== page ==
Any screenwriter that chooses to set back to back scripts in Paris then Rome, is either incredibly desperate for a vacation or named Woody Allen. While Allen’s work abroad was definitely not a vacation, the filmmaker returns to the American narrative setting with a refreshed fervor that “Midnight in Paris” and “To Rome With Love” never managed to capture on screen. With his latest film “Blue Jasmine,” the writer/director comes back to the United States with revived passion and crafts a story that is fresh, exciting, and representative of why the four-time Oscar winner is so well-respected in the industry.
Even before the first line of dialogue, “Blue Jasmine” is pure Allen filmmaking. With it’s pre-1960’s bubbly French soundtrack and odd opening credit sequence, the audience cannot help but feel like they are being set up for another offbeat, nostalgic romance in the same vain of the filmmaker’s more recent work. When introduced to Jasmine (Cate Blanchett), however, all hope for a happy love story vanishes. To put it as nicely as possible, Jasmine has more than just a few problems. But who wouldn’t. Her husband Hal (Alec Baldwin) was a financial villain even worse than Bernie Madoff, after all.
Allen’s screenplay perfectly juxtaposes Jasmine’s current condition with her happy past. In a classic example of the blinding effects of wealth, Jasmine is shown time after time indulging in the upscale Park Avenue lifestyle of the rich and famous all while Hal is secretly cheating — romantically and financially — behind her back. This cinematic hindsight Allen gives the audience, adds anticipation to these flashbacks and makes Jasmine’s current position that much more tragic. As an audience, we cannot wait for Jasmine to discover her husband’s financial promiscuity, yet at the same time, do not want to see her fall as low as her current emotional state. This back and forth story structure also provides a perfect outlet for Blanchett to mesmerize the audience with an Oscar worthy performance.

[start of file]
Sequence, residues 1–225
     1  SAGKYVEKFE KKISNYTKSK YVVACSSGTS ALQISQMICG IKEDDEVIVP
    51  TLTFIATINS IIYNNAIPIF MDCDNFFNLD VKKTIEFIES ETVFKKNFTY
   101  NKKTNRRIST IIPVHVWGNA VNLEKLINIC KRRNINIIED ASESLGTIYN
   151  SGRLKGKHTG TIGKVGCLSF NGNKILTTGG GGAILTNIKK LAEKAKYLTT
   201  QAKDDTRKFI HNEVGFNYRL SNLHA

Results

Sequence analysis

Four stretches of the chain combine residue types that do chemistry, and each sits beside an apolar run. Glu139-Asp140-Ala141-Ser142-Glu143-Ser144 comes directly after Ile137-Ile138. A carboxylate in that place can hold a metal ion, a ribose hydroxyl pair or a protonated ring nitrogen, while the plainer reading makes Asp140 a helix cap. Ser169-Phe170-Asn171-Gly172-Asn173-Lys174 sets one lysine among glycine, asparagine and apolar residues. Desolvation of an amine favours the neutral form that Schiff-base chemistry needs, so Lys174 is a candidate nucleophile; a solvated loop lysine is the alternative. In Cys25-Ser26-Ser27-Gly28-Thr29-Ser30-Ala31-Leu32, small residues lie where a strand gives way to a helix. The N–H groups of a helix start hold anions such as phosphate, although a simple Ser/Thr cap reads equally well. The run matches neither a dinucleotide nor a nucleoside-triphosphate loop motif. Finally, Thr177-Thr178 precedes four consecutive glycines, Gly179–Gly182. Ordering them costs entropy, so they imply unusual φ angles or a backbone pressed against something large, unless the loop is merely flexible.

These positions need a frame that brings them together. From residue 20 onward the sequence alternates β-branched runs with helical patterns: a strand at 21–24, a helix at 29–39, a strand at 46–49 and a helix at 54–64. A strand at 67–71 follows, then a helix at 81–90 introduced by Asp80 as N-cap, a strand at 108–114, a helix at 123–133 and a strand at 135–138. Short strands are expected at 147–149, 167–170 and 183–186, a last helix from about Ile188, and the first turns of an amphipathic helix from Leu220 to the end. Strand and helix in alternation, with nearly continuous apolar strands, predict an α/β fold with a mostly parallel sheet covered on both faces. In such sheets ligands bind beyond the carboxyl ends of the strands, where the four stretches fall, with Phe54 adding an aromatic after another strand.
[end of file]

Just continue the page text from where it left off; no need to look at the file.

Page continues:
It takes a special actor to transform a character that flies first-class even when she is broke, and says things like “who do I need to have sex with to get a Stoli martini,” into a likeable, relatable character. Blanchett succeeds by turning Jasmine into a born-again child. Instead of functioning like an adult, Jasmine talks to herself, lies, and cries uncontrollably. After moving in with her adopted sister in San Francisco, she continues this trend, and manages to alienate herself from the rest of the city in the process.
Blanchett’s performance truly comes into fruition with her many drug and alcohol infused monologues. The Oscar winning actor gives of herself fully in these scenes, especially the discussion she has with her sister’s children at a pizza restaurant, and brings a dynamic to the character that tells the audience that all hope is lost.
“Blue Jasmine” is a drastic dramatic turn away from Woody Allen’s recent filmography. Despite a few lighter moments, fueled mostly by supporting cast members Chili (Bobby Cannavale) and Al (Louis C.K.), the film isn’t so much “blue” as it is black. In the end, Jasmine is doomed because she is nostalgic for a life she will never have back.
Nostalgia does not apply to my feelings about the film. I welcome Allen’s return to stories rooted in America with open arms, and applaud Sony Classics for giving the filmmaker room to tell them.
By David Morris